Using natural language processing (NLP) technologies to understand consumer search behavior

Using natural language processing (NLP) technologies to understand consumer search behavior

Search is a fundamental topic in economics. Consumers need to search in order to gather information about products available in the markets; individuals also need to search for potential job vacancies to find work.

Traditionally, without the capability to observe either the search process of consumers or the set of products they consider when making a purchase (“consideration set”), economists are limited to making inferences based on the distribution of equilibrium prices and quantities across products, maintaining strong assumptions about search process consumers take (Hong and Shum 2006). Some recent work has explored the possibility of using higher curvatures of consumer demand to understand consumer demand without search friction, in turn backing out the impact of search (Abaluck and Compiani 2020). However, strong restrictions remain on what the econometrician needs to know about product characteristics as well as on consumer search behavior.

With the rapid mass digitization, one important aspect of the recent development in consumer search is the availability of large amounts of digitized search and textual data, as well as the development and use of natural language processing (NLP) technologies in search algorithms.

I am going to use a few blog posts to provide an overview of recent advances in how economists have utilized digital textual data and have attempted to capture the impact of NLP technologies.

Today, we will provide an overview. First, what is the main distinction in trying to use digitized text as data? One, any representation of texts is inherently high-dimensional. Imagine this blog post having n-words drawn from the universe of N possible words. Without understanding the context within which each word occurs, there can be N^n possible blog posts. “A sample of thirty-word Twitter messages that use only the one thousand most common words in the English language, for example, has roughly as many dimensions as there are atoms in the universe.”  (Gentzkow, Kelly, and Taddy 2019)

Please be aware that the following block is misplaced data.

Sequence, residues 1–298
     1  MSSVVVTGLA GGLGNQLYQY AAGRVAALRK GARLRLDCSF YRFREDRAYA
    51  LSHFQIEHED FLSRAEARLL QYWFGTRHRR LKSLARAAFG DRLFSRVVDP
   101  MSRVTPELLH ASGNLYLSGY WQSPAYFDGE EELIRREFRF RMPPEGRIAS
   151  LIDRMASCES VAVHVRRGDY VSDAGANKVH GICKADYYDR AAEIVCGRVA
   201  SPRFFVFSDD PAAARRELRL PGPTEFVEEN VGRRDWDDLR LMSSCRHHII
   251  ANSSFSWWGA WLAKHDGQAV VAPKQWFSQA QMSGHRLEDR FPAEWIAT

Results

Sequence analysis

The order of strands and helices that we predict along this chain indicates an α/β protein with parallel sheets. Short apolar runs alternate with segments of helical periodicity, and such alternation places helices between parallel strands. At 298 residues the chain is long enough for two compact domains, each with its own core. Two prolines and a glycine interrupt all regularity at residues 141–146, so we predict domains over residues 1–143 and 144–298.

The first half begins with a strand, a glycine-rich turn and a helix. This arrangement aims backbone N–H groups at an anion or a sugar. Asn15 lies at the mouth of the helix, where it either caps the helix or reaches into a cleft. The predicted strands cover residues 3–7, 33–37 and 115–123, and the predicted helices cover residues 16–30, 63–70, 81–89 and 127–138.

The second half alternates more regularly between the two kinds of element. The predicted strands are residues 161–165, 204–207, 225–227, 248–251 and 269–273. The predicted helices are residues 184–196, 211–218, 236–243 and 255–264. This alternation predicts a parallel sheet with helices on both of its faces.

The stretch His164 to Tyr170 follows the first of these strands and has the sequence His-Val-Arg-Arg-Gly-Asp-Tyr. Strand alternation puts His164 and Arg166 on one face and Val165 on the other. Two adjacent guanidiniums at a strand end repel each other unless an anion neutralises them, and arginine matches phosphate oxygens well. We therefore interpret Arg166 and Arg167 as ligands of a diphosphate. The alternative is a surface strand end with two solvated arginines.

(1) Reducing the dimensionality of textual data and (2) utilizing methods that deal-with high-dimensional data are thus crucial. Economic studies have thus far been focused on causal analyses that use predictions generated by the above two steps. For instance, Scott and Varian (2015) condense Google search data to “nowcast” important economic variables such as unemployment rate using Bayesian time-series models; Many studies in finance use predictions of short-term movements in stock price based on internet text data such as Twitter feeds (Tetlock 2007); Baker and Fradkin (2017) also use Google search data as a proxy for job search intensity in their study of the impact of unemployment insurance generosity on job search activities.

In the next blog post, we will zoom in on each of the two steps in several studies to better understand the role of textual data.

Abaluck, Jason, and Giovanni Compiani. 2020. “A Method to Estimate Discrete Choice Models That Is Robust to Consumer Search.” Working Paper Series. National Bureau of Economic Research.

Baker, Scott R., and Andrey Fradkin. 2017. “The Impact of Unemployment Insurance on Job Search: Evidence from Google Search Data.” The Review of Economics and Statistics 99 (5): 756–68.

Gentzkow, Matthew, Bryan Kelly, and Matt Taddy. 2019. “Text as Data.” Journal of Economic Literature 57 (3): 535–74.

Hong, Han, and Matthew Shum. 2006. “Using Price Distributions to Estimate Search Costs.” The Rand Journal of Economics 37 (2): 257–75.

Scott, Steven L., and Hal R. Varian. n.d. “Chapter 4 - Bayesian Variable Selection for Nowcasting Economic Time Series / Steven L. Scott and Hal R. Varian.” Economic Analysis of the Digital Economy.

Tetlock, Paul C. 2007. “Giving Content to Investor Sentiment: The Role of Media in the Stock Market.” The Journal of Finance 62 (3): 1139–68.

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